TWS –I LOVE your latest paper weaving works. There’s a pattern that can be found in many of them: a typewritten text as background and elements of everyday life woven together. Can you expand on the idea of this series of collages?
LB –This series is composed of foodstuff labels woven into pages in an old found Master’s thesis. I’m drawn to projects that have an incremental aspect. I like series. I like work that can be easily picked up and put down. I like working with found ephemera (treasure hunt!) and multiple media. And then Covid. And obsessing about getting groceries without endangering one’s life! And how getting groceries became a central focus of life for a time. New York City was the epicenter of the pandemic and it was very scary here with refrigerator trucks full of corpses parked outside the hospitals.
My paper weaving started with a series of woven paper collages I made from an old yearbook I found in a thrift store. I started collaging pages together and then started weaving two pages together, thinking about the idea of memory, mutability and transience. Then I started collecting yearbooks, always old ones and preferably ones that were a little offbeat. I used to find them in thrift stores and book sales, but they don’t exist much anymore, so I am left with eBay. Which can be a great source. My favorite yearbooks are a series of 1950’s books from a school of Osteopathy in Missouri.
I am also in love with wallpaper sample books from the 1960’s-80’s. The high-end ones that are hand screen printed. I found a bunch at an interior decorator’s going-out-of-business sale and I figured I’d discover a use for them one day. I’m always looking for more on eBay. I’ve done a series of mixed media collages and a series of weaving paintings on wallpaper pages.
I’ve also gotten into collecting 18th century painting books, collaging plates with fashion magazine eyes and weaving postcards together. Go Watteau!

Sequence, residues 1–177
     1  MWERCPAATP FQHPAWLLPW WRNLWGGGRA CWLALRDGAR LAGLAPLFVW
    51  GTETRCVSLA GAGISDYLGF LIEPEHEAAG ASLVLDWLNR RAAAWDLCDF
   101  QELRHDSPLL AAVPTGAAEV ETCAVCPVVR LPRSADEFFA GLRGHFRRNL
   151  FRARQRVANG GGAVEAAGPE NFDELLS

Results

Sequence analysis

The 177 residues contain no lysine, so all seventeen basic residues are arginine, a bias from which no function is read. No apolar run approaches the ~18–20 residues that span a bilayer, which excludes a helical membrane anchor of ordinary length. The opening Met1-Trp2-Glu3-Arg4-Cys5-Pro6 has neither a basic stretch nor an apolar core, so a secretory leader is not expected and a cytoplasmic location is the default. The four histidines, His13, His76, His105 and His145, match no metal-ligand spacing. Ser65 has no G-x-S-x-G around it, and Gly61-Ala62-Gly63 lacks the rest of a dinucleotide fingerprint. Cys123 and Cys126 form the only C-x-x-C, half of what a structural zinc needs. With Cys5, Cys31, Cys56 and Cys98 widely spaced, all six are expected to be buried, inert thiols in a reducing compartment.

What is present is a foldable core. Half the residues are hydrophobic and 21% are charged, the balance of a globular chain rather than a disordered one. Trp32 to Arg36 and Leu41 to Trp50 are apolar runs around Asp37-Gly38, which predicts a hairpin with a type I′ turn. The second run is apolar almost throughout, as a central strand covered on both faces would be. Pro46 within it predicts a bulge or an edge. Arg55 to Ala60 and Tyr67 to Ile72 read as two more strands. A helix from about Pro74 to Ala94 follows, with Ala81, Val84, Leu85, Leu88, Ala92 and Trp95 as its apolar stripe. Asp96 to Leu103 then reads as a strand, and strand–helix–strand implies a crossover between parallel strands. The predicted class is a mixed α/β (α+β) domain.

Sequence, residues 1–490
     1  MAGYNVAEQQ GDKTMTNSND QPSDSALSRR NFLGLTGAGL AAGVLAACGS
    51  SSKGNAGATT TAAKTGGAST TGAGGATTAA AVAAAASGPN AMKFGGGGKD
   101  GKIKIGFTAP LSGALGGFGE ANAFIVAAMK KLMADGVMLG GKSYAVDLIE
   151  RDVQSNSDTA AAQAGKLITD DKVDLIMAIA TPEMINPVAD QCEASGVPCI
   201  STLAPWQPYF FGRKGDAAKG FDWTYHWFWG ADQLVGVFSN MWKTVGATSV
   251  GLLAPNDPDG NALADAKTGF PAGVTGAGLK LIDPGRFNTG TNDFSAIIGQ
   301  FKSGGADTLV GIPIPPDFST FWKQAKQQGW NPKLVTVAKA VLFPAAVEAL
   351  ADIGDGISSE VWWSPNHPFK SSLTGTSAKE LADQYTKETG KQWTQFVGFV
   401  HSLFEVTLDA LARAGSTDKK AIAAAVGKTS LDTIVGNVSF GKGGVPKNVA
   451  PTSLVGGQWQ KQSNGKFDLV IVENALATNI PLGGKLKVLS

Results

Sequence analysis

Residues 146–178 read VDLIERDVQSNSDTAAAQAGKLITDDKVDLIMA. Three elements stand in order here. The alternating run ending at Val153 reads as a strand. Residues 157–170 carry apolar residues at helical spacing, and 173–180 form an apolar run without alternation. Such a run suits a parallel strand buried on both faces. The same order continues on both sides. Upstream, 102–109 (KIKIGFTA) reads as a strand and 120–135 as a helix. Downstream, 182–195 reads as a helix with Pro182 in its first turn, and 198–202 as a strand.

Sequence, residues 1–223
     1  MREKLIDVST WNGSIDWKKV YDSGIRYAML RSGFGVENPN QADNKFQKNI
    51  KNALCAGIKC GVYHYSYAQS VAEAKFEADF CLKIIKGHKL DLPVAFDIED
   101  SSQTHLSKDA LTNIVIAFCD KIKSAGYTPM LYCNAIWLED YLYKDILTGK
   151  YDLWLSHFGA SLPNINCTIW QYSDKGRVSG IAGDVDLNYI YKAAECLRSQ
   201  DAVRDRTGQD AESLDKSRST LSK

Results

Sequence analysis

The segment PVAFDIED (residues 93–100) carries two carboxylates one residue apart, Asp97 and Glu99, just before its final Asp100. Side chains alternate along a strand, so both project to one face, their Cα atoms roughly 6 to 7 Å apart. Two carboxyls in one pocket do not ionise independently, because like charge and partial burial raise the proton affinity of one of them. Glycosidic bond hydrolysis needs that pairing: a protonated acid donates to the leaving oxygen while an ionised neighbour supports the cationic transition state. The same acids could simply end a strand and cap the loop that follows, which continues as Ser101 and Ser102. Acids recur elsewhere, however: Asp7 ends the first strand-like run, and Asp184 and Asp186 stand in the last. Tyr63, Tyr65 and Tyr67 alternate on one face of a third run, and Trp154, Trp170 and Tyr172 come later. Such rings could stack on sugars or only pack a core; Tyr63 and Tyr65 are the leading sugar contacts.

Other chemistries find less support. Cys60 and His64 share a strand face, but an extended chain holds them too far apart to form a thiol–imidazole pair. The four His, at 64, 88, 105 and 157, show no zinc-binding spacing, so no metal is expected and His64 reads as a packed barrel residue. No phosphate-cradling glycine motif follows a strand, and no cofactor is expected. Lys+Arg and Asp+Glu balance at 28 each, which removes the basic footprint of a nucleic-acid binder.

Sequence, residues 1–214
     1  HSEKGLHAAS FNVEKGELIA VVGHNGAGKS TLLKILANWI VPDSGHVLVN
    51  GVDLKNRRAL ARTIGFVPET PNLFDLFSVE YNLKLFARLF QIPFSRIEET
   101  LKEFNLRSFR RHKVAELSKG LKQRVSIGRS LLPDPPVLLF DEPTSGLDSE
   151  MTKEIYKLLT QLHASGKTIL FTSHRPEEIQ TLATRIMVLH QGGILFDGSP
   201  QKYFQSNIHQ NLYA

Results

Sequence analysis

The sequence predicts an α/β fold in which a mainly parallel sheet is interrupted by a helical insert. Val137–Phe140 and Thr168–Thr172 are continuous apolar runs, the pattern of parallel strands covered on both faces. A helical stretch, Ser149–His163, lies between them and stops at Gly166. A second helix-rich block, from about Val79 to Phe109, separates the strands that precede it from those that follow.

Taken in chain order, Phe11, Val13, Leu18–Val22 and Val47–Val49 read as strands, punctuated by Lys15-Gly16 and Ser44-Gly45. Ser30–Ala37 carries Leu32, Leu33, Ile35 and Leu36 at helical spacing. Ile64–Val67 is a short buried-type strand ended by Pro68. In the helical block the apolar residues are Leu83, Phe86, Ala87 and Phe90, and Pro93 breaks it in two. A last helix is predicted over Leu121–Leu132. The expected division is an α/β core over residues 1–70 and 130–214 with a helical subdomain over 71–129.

TWS – Your medicated series also struck me. What’s the story behind these pieces?
LB –I found a spool of Japanese Washi tape in Japantown in San Francisco a number of years ago. I loved those tapes and figured a use for them would declare itself. I also had found a huge stockpile of PDRs (Physician Desk Reference) in a library at work. There’s a section in these books that has life-size color photos of every US-available medication; physicians can identify an unknown pill using this photo key. I tore out all the pill photo pages and hung onto them. Eventually the tape and the pills met each other. I’d had the idea of making a collage without a ground. And the tape tapestries evolved from that. Each pill is taped to its adjacent pill. They hang freely like a lace tapestry. I still have a ton of these paper pills. I cut out hundreds of them on a cross country flight, my seatmate must have thought I was insane and self-medicating.
TWS – Can you tell us about how and why you started working with collage?
LB –I went to art school about 20 years ago. We had to make 100 drawings in a sketchbook each semester. I got a little tired of drawing and started making collages in my sketchbook. I found it an easy medium in which to work as I could pick it up for only a couple hours or minutes a day. Unlike oil painting which didn’t really work for a single mom who worked full-time.
TWS –How do you see collage nowadays in the context of contemporary art?
LB –I’m not sure I do see a huge amount of collage in contemporary art. My kids work in the contemporary art arena (journalism and collection management) and I’m fascinated by that scene. I don’t see much collage in that market or in galleries. I’m always happy to come across work on paper or collage that interests me. But I don’t intentionally seek it out, as I don’t want to be subconsciously pulling from it.
TWS –And, finally, a question that all our interviewees answers: What’s your definition of collage?
LB –Putting at least two things together. Doesn’t have to be paper, obviously.
Thanks for asking!
Find more Lisa Barense at her Instagram profile